Okay, that’s it. Â I’m starting a weekly column. Â Right here, right now. Â It is called THE STRANGEST PICTURES I HAVE SEEN, because that was the nerdiest yet most accurate title I could think of. Â And what I am going to do in this column is review all the comics in my personal library, one by one. Â At random.
I used to do this kind of thing with manga, but I’m about so much more than just the manga.
Garfield: His 9 Lives
by Neil Altekruse, Gary Barker, Kevin Campbell, Jim Clements, Doc Davis, Larry Fentz, Mike Fentz, Valette Hildebrand, Dave KÃ¼hn, Ron Tuthill, and possibly Jim Davis
Published in 1984, Garfield: His 9 Lives was by far the strangest product of Paws Inc. until the day they actually publishedÂ Garfield Minus Garfield. Â Only occasionally and tangentially Garfield-related, it’s a collection of ten cat stories connected by putting them in vaguely chronological order and coloring the cats orange. Â It spawned not one, but two TV specials, “Garfield: His 9 Lives” and “Garfield’s Babes and Bullets,” back in the days when newspaper cartoonists could spawn TV specials by sneezing too hard. Â I miss those days. Â Nobody tries to animate the Doonesbury characters anymore.
The “9 Lives” TV special hewed more closely to the “past incarnations of Garfield” concept, with sequences featuring Garfield as a cave cat, an ancient Egyptian court cat, a medieval cat, and so on. Â The book doesn’t see any reason to make that much sense. Â One story is set in an alternate film noir universe populated by cats. Â Another is a story about Vikings stranded in the modern world, with Garfield kind of shoehorned in. Â Another features a trio of cats based on the Three Stooges. Â Garfield shows up in the introductions to reassure us that these are all stories about his previous lives, but he’s fooling no one.
As far as I can determine, 9 Lives is entirely the work of Paws Inc. staffers, some drawing in the Garfield house style, some not. Â It’s a rare glimpse of the Garfield cartoonists, licensing illustrators, and animation designers drawing something other than the standard fat orange marketing juggernaut. Â I know of several cartoonists who launched successful solo careers after honing their skills at Creative Associates, the Peanuts licensing arm, but Paws Inc. artists seldom seem to make it out of Indiana. Â Case in point: except for Jim Davis, none of the contributors to 9 Lives has a Wikipedia page. Â How am I supposed to figure out who these people were? Â (Googling around, I found speculation that a 2007 Garfield Sunday strip honoring longtime inker Valette Hildebrand might have been a signal that she had died. Â The fact that, to this day, no one on the Internet seems to know whether this woman is alive or dead tells you all you need to know about Garfield’s cloistered home base. Â If a DC or Marvel inker goes down, the Internet hears about it.)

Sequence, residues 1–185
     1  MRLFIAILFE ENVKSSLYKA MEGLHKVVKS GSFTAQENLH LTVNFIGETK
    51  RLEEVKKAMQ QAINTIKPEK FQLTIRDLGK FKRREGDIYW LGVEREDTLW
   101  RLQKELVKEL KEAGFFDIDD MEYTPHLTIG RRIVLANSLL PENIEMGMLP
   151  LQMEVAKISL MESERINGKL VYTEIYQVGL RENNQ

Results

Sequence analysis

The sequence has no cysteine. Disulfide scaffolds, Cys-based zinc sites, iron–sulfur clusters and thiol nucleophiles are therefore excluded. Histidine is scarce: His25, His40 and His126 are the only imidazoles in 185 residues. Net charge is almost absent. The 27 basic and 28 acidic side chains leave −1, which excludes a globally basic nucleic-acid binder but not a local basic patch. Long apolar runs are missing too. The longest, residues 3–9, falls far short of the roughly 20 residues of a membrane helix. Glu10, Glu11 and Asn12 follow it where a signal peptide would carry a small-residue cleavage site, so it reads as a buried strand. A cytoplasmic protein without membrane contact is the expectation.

The art in 9 Lives is, alas, mostly bland, sometimes downright unpolished. Â The better material, like Dave KÃ¼hn’s psychedelic “The Garden,” tends to suffer from an excess of early ’80s airbrush color. Â Remember when garish, overly-rendered airbrushing was the cutting edge in comic-book coloring? Â And then, just when we were beginning to recover and heal, the industry discovered garish, overly-rendered Photoshop coloring? Â It was an eye-gouging couple of decades. Â The loose colored pencils on the “Cave Cat” story by Jim Davis and Mike and Larry Fentz look so soothing by comparison. Â Sure, the art in “Cave Cat” isn’t gorgeous, but at least it’s not trying to kill you.
By far the best-looking piece in the book is “Babes & Bullets: The Continuing Adventures of Sam Spayed,” an illustrated pulp-fiction sendup that, groan-inducing title pun aside, is solidly entertaining. Â Kevin Campbell illustrates Ron Tuthill’s text with elegant, photorealistic black-and-white drawings of cats in fedoras. Â It’s kind of a proto-Blacksad thing. Â What does it have to do with Garfield? Â Exactly nothing, at least until Paws Inc. made a TV special out of it. Â Which of course they did.
Unsurprisingly, I tracked this book down out of nostalgia. Â As a kid, I used to pore over it in bookstores, but my parents wouldn’t buy it for me, probably because they were still hoping that if they didn’t give me quite so many Garfield books they could get me to grow up with taste. Â Ha! Â I have a vivid memory of reading “Lab Animal,” Gary Barker’sÂ and Larry Fentz’s piece about an escaped shapeshifting mutant cat, at a Waldenbooks while waiting to see Baby: Secret of the Lost Legend. Â (Does it add anything to the story that this was at the mall outside Pittsburgh where they shot Dawn of the Dead? Â Probably not.) Â Upon rereading, “Lab Animal” isn’t nearly as juicy as I remember, but when I was seven a superpowered mutant tabby cat was a concept that could only be topped by, possibly, a talking gold unicorn that could fly. Â Or a pet baby dinosaur.
Two decades later, I got my very own copy of Garfield: His 9 Lives to see how it compared to my half-remembered childhood version of the book. Â Unsurprisingly, it doesn’t hold up very well, albeit better than Baby: Secret of the Lost Legend. But I’m still fascinated. Â As far as I know, Paws Inc. never did anything remotely like this again. Â I wish they had. Â As Garfield Minus Garfield has since conclusively proven, the Garfield franchise grows more compelling the further it drifts away from Garfield.